Managing the tools in order to destroy the food before it reaches Komida-chan was pretty fun, but it didn't have any replay element. Once the player wins once, there is absolutely no reason for them to replay the game. To try to fix this I added 2 very common elements: different dificulties and a combo system.

I divided the game into 3 different dificulties: Easy, Medium and Hard. Each of them impacts on the speed of the conveyor belt and how full the Saciety Bar starts. Since it's a reflex based game, the player can try different modes until they find one that suits them. Once that is set, they can try another mode to challenge themselves.

The combo system walks side by side with the different modes. Combos intuitively leads the player to aim for the highest possible value. If they break the combo somehow, some may be motivated to try again and keep the combo going. Mixing this with harder modes creates challenges that increase the game's replayability (like trying to beat Hard Mode with a full combo).


Porting to Winnitron
Winnitron is an open source platform for indie arcade machines and games. This year's AGBIC suggested the devs to make the games created during the jam compatible with Winnitron machines.

Food Eater was primarily designed to be played with mouse or touch controls. Porting the game to an arcade system like Winnitron was quite a challenge. The core of the game would have to change for this to work and at the same time, the changes couldn't be so dramatic to the point of making the game lose in gameplay.

The solution I found to this was to divide the gameplay mechanics in two groups:
- Choosing the tool
- Using the tool
Since Winnitron only uses 2 buttons and a stick, each mechanic has to be simple enough to fit it.

Choosing the tool
A player can choose which tool he/she wants to use at the moment by simply pressing Button 1 or Button 2. Button 1 will select the next tool on the left and Button 2 will select the next tool on the right. This will cycle through all the tools available, meaning that if you have the last tool on the right selected and press Button 2, it will return to the first tool on the left. With this system players can pick tools with more ease during the flow of the game.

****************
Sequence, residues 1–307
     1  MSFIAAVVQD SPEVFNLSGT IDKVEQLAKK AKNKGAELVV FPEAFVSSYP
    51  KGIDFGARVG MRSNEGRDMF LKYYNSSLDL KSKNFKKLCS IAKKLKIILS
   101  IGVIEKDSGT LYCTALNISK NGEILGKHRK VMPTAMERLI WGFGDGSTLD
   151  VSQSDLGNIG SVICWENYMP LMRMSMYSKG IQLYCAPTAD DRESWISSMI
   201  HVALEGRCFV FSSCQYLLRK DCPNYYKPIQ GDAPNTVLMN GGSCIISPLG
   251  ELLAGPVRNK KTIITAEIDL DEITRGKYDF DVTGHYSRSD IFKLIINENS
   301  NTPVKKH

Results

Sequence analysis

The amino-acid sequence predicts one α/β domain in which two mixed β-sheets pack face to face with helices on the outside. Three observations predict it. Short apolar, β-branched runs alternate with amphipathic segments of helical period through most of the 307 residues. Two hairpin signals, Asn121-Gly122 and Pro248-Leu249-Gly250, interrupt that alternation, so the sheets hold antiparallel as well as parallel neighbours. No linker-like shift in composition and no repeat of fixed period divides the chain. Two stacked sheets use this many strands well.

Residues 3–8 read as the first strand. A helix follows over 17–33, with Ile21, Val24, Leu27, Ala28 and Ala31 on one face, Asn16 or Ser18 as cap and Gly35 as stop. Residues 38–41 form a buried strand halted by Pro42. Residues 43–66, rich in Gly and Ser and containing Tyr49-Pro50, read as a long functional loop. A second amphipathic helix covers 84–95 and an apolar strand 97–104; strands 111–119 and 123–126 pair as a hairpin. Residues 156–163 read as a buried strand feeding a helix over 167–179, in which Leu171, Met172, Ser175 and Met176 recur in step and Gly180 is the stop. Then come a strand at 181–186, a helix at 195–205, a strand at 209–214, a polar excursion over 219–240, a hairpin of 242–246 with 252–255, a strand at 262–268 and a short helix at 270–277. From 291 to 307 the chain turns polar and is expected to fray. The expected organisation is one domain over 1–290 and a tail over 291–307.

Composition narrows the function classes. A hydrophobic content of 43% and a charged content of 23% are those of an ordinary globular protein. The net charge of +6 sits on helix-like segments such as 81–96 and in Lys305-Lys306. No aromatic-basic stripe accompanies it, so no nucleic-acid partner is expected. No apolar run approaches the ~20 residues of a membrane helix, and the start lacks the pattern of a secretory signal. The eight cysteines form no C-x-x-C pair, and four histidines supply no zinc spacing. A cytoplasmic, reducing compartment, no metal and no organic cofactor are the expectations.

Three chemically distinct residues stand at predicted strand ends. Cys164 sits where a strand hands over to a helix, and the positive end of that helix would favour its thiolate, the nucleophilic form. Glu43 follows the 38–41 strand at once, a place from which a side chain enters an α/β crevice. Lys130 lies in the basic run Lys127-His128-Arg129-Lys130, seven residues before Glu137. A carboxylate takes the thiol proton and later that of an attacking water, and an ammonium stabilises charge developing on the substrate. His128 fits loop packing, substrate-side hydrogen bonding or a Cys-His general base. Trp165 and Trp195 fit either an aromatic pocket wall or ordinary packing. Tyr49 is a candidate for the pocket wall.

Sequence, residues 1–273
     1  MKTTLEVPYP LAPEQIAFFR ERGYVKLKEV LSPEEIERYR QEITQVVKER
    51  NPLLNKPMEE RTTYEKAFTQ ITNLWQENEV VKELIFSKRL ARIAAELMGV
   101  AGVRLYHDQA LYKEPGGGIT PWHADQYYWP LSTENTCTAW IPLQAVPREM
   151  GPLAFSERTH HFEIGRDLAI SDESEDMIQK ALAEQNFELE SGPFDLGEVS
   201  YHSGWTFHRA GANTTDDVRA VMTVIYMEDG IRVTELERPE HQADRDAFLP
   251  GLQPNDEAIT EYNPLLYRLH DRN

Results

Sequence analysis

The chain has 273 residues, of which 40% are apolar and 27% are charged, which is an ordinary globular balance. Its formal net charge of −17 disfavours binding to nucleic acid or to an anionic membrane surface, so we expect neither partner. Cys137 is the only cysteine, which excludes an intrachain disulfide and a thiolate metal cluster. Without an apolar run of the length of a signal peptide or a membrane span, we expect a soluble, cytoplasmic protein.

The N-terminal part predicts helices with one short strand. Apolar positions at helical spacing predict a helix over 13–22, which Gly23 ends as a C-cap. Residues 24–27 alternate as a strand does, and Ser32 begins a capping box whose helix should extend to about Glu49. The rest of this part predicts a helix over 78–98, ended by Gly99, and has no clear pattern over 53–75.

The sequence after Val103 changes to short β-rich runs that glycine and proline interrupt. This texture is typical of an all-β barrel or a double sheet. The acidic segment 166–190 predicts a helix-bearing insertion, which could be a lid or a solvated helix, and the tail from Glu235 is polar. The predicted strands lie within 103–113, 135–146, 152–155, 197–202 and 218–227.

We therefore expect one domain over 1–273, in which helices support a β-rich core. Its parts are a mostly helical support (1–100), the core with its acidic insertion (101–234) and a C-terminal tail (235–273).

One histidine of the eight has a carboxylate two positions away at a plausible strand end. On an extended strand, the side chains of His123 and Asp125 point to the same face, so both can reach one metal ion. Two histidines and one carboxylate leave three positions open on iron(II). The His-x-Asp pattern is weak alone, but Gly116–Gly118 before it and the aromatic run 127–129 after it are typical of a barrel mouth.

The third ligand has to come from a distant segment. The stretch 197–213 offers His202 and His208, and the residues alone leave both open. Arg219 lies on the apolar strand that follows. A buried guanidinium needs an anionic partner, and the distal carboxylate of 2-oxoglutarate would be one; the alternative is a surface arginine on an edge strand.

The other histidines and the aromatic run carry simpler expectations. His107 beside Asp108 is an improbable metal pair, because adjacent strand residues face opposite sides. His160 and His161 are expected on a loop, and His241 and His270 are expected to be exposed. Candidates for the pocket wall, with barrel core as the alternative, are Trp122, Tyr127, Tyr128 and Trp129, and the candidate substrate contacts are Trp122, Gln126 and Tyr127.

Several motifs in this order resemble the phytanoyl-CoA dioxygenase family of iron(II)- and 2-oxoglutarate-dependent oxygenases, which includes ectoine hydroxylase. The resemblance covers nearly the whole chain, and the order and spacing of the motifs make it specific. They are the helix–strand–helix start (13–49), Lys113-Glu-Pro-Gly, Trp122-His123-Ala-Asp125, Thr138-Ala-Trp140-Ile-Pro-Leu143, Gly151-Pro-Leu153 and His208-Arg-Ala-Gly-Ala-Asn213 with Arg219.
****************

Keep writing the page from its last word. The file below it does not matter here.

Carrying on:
Using the tool
Using the tool is the most important part of the game, since it's your winning condition: use the right tools on the right foods. To use a tool a player simply needs to press either LEFT or RIGHT in the stick. Different from the original version, in the Winnitron port you will be aiming ALWAYS at the first plate that contains food in the conveyor belt. This way, if the first plate contains a cake, when pressing the stick in that plate's direction, you will be aiming at it (you will know at all times at which plate you will be aiming because it will have a arrow above it). If a plate contains nothing or inedible food, you will aim in the next plate that contains food of that conveyor belt.

I made several tests using a keyboard, but it will never replace the feeling of playing in a arcade machine. If you end up playing Food Eater in a Winnitron, let me know how was the experience!

Aug 28, 2017

Medjed's Arena of Madness - #PaintGameJam entry

5:36 PM Posted by Lucas Izumi , , , , , No comments

Medjed's Arena of Madness is a chaotic twin stick shooter created during #PaintGameJam. You can play through your browser or by downloading the Windows version. The game supports gamepads and can also be played with a keyboard and mouse.